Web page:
1950s women cheated of their pensions – BackTo60 outcome

BackTo60 campaign article on Silver Magazine www.silvermagazine.co.uk

Women born in the 1950s have been fighting to have a decision on their pension ages overturned. Today, senior justices ruled that the BackTo60 campaign has been unsuccessful.

Having paid into a system in good faith for years, as the end was in sight, the finishing post has been moved, with many women losing up to seven years of pension.

For many women – and families – this has been catastrophic. They’ve planned and budgeted for their retirement in good faith, trusting the country and economy they’ve contributed towards to support them when they need it most, and for some of them the loss of those years of pension payments equates to tens of thousands of pounds lost. It’s brought hardship, poverty and misery to millions.

…this would only be appropriate if things were ACTUALLY equal. If the pensionable age is going to be the same, let’s see an end to gender pay gaps. Let’s remove those glass ceilings

The reasoning behind the move (apart from the obvious ‘ker-ching’) is threaded around the need for equality – to bring women’s retirement into line with men’s. And of course I’m all for equality. But this would only be appropriate if things were ACTUALLY equal. If the pensionable age is going to be the same, let’s see an end to gender pay gaps. Let’s remove those glass ceilings. Let’s give women the same privileges and entitlements that men enjoy.

It’s tough for women!

As a woman in business I’ve had to fight tooth and nail for what I have. I’ve brought my daughter up as a single parent with next to no financial support from her father, who’s been happy to see Tax Credits and Child Benefit do his bit. I’ve built up three successful businesses and it’s been SO MUCH harder because I’m a woman.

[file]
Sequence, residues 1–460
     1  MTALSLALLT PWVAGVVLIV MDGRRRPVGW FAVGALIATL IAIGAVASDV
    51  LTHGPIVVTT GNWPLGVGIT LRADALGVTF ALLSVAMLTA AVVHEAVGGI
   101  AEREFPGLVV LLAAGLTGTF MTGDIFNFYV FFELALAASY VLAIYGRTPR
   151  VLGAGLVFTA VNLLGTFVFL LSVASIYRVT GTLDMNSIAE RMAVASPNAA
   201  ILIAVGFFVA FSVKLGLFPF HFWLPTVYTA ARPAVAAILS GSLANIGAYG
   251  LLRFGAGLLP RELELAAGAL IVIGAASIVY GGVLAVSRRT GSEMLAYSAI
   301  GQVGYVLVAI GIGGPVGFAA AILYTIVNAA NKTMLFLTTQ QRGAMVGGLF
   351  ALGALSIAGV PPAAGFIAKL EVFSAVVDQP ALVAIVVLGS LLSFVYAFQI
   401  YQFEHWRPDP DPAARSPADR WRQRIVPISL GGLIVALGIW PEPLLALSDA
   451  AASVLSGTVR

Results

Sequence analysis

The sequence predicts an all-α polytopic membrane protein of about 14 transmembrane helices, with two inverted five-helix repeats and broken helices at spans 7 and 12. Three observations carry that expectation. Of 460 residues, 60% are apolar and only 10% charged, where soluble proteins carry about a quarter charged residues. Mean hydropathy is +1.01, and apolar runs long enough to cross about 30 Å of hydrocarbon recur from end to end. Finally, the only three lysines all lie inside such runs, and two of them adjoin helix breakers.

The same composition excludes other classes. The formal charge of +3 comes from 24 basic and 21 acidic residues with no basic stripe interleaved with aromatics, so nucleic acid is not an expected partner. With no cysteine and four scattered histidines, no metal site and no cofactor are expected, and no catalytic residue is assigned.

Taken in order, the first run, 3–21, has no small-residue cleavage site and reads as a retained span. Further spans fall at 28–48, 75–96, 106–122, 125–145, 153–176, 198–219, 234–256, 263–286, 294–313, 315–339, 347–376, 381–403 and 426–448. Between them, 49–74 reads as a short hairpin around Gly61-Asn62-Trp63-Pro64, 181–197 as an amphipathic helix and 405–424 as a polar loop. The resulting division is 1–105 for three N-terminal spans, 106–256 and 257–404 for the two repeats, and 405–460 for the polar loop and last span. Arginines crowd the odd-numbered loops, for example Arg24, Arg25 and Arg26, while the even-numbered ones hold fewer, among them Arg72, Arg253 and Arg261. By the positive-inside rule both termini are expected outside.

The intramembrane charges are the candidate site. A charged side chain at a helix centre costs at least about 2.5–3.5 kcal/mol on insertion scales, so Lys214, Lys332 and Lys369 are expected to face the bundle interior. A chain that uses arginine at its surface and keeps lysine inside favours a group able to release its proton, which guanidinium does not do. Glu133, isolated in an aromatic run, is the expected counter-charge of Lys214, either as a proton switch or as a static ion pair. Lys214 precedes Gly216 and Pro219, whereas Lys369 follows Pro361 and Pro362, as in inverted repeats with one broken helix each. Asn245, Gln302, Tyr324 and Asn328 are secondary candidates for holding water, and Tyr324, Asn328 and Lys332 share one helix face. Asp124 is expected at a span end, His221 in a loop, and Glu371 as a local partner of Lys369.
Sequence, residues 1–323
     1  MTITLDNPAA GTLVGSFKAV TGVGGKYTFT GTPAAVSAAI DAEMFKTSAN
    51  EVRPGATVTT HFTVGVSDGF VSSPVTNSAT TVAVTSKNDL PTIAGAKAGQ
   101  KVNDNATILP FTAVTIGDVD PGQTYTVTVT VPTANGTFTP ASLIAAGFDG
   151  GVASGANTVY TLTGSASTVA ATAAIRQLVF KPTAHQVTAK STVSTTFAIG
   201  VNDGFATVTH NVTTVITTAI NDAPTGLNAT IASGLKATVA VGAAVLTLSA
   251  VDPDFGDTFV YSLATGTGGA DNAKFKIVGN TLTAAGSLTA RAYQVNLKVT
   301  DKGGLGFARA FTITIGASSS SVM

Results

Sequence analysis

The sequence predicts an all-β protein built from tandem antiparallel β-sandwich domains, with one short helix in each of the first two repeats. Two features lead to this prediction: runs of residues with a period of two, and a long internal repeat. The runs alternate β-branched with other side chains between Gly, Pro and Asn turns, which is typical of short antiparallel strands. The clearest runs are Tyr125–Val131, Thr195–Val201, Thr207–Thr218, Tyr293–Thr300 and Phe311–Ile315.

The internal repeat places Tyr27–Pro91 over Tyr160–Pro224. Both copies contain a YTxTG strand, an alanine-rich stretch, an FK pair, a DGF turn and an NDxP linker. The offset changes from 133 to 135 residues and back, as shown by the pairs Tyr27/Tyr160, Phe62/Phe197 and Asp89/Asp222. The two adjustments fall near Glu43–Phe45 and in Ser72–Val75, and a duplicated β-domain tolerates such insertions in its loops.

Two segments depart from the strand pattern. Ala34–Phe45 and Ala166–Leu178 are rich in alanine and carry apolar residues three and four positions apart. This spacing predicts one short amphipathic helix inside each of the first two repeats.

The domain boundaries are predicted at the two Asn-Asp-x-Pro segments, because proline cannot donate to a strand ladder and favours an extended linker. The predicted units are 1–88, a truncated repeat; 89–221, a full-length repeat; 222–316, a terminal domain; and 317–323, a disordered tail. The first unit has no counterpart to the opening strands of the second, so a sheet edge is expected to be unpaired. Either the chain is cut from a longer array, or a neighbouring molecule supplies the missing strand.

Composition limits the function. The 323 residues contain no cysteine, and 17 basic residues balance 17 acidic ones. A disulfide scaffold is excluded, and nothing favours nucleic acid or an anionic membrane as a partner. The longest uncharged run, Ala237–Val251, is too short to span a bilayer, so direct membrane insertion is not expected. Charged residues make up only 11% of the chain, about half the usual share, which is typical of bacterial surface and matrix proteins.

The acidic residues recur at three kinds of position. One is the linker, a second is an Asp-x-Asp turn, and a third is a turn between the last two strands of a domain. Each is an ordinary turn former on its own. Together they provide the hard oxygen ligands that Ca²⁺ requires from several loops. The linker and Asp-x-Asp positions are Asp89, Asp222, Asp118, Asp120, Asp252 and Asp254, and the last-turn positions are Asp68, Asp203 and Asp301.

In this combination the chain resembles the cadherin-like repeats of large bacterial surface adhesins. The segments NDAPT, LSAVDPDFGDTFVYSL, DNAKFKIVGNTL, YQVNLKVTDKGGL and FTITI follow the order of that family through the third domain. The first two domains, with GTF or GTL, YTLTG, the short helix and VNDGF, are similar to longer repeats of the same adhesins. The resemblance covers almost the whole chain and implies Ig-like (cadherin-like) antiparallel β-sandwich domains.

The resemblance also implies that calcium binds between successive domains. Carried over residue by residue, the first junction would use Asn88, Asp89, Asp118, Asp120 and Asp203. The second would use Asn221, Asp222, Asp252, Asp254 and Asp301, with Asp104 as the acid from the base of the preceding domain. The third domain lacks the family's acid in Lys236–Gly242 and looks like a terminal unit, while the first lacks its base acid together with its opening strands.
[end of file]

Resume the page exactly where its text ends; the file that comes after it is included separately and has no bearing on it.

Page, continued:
I’ve not been part of the ‘boys’ club’ although I have to say, things are changing, finally. I even got invited to be part of a charity golf tournament the other day! But I’ve lost count of the times I’ve made meetings happen, for example, simply because my target thought I was a male Sam. Always enjoyed their faces when I’ve turned up.

But I digress, if only to express my solidarity. You want equality? Then do it properly. I’m 49 and hadn’t really thought much about my pension or retirement until recently, but I am at least prepared now for the extra slog. For many of the women a bit older than me though, it’s been devastating, and I feel righteously furious on their behalf. Their voices need to be heard. Here are some of their stories.

At the foot of this piece is more information about the judicial hearing and campaigning.

this would only be appropriate if things were ACTUALLY equal. If the pensionable age is going to be the same, let’s see an end to gender pay gaps. Let’s remove those glass ceilings.

Jackie Lee

Can I tell you my story? I was born in 1957 – we are called ‘Baby Boomers’ which is an insult to our parents I think. We do not decide when we are born but 1950s women have worked all their lives for the UK to thrive.

I was born into a family of six children and being the eldest was a second ‘mum’ to all my siblings. I had a happy childhood, even though I had to take care of my brothers and sister, and had a Saturday job from 13 years old, as well as going to school.

When I left school on the Friday in July 1972 I started work the following Monday. I earned very little and had to pass the majority of it over to help the family. I would have loved to have gone to university, or even sixth form, but I was never allowed.

Even when they were small I found work in supermarkets, cleaning wherever was needed, any job I could do even if it was menial; I even worked when my husband had finished his work for the day